As Commissioner, from 2014 to 2019, you were responsible for Economic and Financial Affairs, Taxation and Customs, working on issues such as Economic and Monetary Union, including the application of the Stability and Growth Pact, also dealing with banking supervision issues. For a number of SAIs the latter is a relatively new area, which was given a new dimension with the ECB’s supervision tasks. How do you see the role of the ECA and possibly your SAI in this area?
Pierre Moscovici: I am glad that you decided to evoke such a relevant subject — and nonetheless still highly neglected within the public discourse — as the prudential supervision of financial institutions, and the distribution of supervising tasks between the ECB, the ECA and the national SAIs. In fact, during my mandate as a Commissioner, I already had the opportunity to appreciate how the introduction of the Single Supervisory Mechanism, the SSM, notwithstanding its incontestably noble intentions of simplification, harmonisation and enhanced effectiveness of banking supervision, also revealed normative deficiencies and had unattended and unwelcome consequences for the SAIs’ audit mandates.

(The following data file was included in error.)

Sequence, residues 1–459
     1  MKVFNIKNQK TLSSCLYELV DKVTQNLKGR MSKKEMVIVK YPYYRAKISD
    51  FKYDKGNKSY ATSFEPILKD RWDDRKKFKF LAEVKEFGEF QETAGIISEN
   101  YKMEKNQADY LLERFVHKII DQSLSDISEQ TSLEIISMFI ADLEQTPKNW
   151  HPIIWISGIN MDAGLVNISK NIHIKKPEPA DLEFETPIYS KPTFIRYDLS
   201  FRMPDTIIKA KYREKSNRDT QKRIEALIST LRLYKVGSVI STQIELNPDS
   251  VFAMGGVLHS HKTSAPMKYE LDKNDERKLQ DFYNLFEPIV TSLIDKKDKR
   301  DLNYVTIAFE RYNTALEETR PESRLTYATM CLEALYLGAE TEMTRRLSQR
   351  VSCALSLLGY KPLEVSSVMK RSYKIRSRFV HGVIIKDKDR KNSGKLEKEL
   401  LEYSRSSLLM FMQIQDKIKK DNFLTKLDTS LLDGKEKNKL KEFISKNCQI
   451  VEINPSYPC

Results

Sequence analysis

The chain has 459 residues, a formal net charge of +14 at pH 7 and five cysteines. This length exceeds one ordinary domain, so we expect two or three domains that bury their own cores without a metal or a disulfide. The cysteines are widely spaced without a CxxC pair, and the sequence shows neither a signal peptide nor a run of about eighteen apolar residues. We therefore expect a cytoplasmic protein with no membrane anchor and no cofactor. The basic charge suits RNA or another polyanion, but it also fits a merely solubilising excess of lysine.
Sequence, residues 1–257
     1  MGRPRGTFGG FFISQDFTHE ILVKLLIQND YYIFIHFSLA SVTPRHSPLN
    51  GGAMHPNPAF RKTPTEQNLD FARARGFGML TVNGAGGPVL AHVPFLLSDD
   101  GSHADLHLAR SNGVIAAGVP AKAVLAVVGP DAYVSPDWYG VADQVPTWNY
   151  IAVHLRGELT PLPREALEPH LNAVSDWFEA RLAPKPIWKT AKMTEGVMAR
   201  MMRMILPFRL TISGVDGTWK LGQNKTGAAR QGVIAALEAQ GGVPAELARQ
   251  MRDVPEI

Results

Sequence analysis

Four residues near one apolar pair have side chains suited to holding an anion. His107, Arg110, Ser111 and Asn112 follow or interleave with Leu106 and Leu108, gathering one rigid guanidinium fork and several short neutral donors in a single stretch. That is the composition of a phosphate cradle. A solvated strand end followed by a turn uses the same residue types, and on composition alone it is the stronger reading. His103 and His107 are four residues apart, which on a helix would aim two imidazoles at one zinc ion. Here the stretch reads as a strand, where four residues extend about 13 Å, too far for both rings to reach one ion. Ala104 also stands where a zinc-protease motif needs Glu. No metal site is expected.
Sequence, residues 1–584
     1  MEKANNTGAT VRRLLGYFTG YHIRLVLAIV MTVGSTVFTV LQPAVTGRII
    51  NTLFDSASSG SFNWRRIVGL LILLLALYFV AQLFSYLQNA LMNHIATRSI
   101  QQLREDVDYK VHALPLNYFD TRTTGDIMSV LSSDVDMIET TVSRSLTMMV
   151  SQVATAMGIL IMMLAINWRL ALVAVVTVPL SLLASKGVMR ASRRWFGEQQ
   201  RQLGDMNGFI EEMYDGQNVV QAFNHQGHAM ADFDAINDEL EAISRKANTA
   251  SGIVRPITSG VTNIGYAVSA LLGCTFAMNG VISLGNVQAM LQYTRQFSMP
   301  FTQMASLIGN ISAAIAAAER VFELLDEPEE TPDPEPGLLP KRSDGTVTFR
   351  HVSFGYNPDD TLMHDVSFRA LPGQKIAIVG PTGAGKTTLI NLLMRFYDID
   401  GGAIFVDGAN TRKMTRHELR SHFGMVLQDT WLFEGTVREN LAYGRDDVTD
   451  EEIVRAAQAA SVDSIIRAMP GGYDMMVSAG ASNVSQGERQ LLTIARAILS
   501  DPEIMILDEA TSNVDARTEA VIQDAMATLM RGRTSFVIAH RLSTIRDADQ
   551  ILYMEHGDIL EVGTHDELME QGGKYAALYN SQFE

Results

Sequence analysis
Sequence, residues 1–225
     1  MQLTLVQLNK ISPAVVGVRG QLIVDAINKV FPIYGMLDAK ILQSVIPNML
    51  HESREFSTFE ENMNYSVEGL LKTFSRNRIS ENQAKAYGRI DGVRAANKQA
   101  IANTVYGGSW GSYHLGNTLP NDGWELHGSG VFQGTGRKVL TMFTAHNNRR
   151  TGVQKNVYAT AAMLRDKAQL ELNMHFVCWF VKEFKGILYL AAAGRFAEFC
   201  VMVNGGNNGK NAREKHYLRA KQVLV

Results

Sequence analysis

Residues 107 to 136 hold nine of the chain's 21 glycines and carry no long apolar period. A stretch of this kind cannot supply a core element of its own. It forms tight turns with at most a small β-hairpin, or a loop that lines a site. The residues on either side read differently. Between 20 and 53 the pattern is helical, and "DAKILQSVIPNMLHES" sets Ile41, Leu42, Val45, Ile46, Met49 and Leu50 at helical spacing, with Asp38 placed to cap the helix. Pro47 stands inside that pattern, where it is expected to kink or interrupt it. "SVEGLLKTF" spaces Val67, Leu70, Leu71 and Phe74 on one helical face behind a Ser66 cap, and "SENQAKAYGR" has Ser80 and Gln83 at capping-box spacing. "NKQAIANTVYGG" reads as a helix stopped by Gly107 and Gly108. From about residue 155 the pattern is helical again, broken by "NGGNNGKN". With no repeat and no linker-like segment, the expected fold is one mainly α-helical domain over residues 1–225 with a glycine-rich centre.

I fully support the position of the EU Contact Committee of EU Heads of SAIs, which was expressed in a very straightforward manner in November 2018. It called for the strengthening of transparency and accountability in order to close the audit gaps and to ensure full access to all information deemed relevant for audit work. I do believe that it is critical to align the ECA’s mandate to audit the ECB’s supervisory mechanism with its other mandates to audit the other institutions and bodies of the EU. It is also of utmost importance that EU national governments and parliaments verify whether or not their SAIs effectively hold a mandate to audit banking supervision, allowing for the application or the extension of their audit mandates if this is considered necessary and feasible. In this respect, let me just highlight the fact that we, as the Cour, did not experience any withholding of information during the audit of the Banque de France in 2018. We sincerely wish all EU SAIs and the ECA the same quality of relationships we have developed with our auditees in France.